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Binary Format for Array Streaming and Transmission
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BFAST stands for the Binary Format for Array Serialization and Transmission. It is a specification for encoding collections of binary arrays of data that can efficiently serialized/deserialized between data structures and disk, or over a network and from different languages and systems.

The BFAST reference implementation in C++ is under 300 lines of code including documentation and spacing requiring only the STL. BFAST is also used as the underlying binary layout format for the G3D geomtry file format.

Use Case

You would use the BFAST structure if you have a binary data to serialize that is mostly in the form of long arrays. For example geometry data, meshes, or a set of files that you want to bundle together without necessarily compressing them or trying to re-implement TAR.


  • Extremely small and easy to implement conformant encoders and decoders in different languages
  • Format and endianess easily identified through a magic number at the front of the file
  • Data arrays are 32 byte aligned - facilitates casting to SIMD data types
  • Array offsets are encoded using 64-bits so it supports large sets of data.


The file format consists of three sections:

  • header - Fixed size descriptor (32 bytes + 32 bytes padding) describing the file contents
  • ranges - An array of offset pairs indicating where each array starts and finishes relative to the file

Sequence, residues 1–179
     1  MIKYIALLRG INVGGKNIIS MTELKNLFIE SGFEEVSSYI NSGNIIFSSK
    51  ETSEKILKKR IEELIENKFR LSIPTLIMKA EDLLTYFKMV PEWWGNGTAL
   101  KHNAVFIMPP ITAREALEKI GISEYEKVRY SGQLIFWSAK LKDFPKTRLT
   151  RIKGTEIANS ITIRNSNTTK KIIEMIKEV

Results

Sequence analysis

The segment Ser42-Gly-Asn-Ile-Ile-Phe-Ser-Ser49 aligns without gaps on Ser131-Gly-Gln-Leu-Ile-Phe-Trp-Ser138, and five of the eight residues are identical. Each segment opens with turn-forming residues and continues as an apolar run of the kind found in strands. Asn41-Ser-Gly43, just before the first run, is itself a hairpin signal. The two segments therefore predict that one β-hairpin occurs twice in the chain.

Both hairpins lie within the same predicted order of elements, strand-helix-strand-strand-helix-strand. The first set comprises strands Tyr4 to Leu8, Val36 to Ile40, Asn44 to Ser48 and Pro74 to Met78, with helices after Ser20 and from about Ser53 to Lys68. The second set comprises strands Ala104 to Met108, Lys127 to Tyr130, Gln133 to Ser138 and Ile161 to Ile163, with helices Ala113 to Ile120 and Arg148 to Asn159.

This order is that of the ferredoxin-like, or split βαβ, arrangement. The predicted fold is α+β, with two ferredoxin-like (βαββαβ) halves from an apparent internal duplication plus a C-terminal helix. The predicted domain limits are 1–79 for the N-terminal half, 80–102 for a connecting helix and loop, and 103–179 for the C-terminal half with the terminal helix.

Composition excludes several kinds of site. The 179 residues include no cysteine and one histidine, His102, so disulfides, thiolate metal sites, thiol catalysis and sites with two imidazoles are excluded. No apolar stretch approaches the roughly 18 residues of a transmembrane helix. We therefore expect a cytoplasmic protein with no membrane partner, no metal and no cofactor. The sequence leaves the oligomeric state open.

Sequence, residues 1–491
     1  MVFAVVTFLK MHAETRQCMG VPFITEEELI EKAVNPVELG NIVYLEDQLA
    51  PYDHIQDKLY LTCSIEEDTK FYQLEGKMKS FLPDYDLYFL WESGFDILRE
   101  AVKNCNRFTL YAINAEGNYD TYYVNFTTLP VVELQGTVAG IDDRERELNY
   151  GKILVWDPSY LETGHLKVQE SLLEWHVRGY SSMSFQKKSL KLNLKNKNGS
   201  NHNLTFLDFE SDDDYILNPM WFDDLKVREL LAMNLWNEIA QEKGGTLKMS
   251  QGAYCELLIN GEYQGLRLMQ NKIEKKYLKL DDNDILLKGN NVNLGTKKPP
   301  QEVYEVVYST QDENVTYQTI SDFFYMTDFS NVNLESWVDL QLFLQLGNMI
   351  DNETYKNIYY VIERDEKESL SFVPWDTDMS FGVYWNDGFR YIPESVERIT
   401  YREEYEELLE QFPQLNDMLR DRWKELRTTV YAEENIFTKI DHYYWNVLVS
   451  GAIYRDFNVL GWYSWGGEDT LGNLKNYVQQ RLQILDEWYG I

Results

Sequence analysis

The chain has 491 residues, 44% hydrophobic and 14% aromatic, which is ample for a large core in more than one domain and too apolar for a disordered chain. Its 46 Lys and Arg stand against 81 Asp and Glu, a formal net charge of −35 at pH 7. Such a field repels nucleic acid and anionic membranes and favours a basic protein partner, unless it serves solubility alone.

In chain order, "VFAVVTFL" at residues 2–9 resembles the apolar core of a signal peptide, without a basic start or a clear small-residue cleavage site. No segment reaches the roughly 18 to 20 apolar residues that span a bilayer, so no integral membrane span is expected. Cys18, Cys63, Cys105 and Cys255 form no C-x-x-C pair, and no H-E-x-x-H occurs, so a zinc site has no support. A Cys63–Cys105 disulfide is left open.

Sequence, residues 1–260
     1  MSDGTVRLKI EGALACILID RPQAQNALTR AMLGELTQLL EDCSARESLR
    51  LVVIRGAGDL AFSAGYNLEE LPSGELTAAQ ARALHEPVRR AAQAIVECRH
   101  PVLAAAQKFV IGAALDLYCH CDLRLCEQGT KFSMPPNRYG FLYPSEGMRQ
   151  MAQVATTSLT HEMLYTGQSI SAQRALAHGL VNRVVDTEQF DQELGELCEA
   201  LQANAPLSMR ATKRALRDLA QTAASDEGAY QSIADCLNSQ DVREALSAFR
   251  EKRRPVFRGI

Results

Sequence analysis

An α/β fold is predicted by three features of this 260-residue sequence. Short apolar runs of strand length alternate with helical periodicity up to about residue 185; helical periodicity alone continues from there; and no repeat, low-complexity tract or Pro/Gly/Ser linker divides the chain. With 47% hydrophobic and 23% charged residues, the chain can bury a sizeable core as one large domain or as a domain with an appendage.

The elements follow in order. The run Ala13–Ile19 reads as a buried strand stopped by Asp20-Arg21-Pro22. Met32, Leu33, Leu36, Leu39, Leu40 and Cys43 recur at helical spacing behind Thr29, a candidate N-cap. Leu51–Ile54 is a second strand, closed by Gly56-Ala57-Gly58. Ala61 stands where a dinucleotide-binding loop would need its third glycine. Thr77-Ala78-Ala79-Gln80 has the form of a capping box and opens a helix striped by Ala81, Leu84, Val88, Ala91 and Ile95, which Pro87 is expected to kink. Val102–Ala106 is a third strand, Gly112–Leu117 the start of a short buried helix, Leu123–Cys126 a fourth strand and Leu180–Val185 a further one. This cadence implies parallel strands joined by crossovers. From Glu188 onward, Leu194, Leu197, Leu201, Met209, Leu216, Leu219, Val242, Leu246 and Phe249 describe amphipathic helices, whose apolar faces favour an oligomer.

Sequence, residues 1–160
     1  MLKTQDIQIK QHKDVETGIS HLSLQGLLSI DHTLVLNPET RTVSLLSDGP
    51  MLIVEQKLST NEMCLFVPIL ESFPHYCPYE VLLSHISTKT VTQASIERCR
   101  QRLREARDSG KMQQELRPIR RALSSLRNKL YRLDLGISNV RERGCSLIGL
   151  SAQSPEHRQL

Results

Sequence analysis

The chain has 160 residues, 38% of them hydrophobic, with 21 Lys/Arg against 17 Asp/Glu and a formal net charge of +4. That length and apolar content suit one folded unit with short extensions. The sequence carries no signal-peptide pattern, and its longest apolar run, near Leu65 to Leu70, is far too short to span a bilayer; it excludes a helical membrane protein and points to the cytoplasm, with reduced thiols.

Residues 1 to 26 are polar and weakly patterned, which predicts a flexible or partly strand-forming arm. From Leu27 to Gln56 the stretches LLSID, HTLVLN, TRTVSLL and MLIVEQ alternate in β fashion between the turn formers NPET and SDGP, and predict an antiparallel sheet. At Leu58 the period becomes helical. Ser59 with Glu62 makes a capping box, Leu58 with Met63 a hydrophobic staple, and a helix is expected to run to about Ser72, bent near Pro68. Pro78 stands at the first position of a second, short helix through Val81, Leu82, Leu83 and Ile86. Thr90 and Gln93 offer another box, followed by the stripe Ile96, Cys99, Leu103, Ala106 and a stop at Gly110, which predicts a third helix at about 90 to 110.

• data - Raw data containing

The header has the following layout:

    [StructLayout(LayoutKind.Explicit, Pack = 4, Size = 32)]
    public struct FileHeader
        [FieldOffset(0)]    public long Magic;         // 0xBFA5
        [FieldOffset(8)]    public long DataStart;     // <= file size
        [FieldOffset(16)]   public long DataEnd;       // >= DataStart and <= file size
        [FieldOffset(24)]   public long NumArrays;     // number of arrays 

The ranges start at byte 64. There are NumArrays of them and they have has the following format. The Begin and End values are byte offsets relative to the beginning of the file:

    [StructLayout(LayoutKind.Explicit, Pack = 4, Size = 16)]
    public struct Range
        [FieldOffset(0)] public long Begin;
        [FieldOffset(8)] public long End;

The data section starts at the first 64 byte aligned address immediately following the last Range value.

Why is BFAST so Fast?

Many file or data formats require processing of the data once it comes in. Because the BFAST format is specifically for encoding binary arrays on contiguous data, it allows the consumer (decoder) of the data to allocate a single block of memory, read all of the data at once using a system call, and then set up array views, to point to the already allocated memory. For example, in C++ this can be done using begin/end iterators, ranges, spans, etc. and in JavaScript it can be done using ArrayBuffers and DataViews.

How to Extend BFAST?

BFAST by itself, is a minimal specification for efficiently encoding N byte-arrays. By convention the first array is usally a UTF-8 encoded JSON string which different file formats can use to encode additional information about the file.

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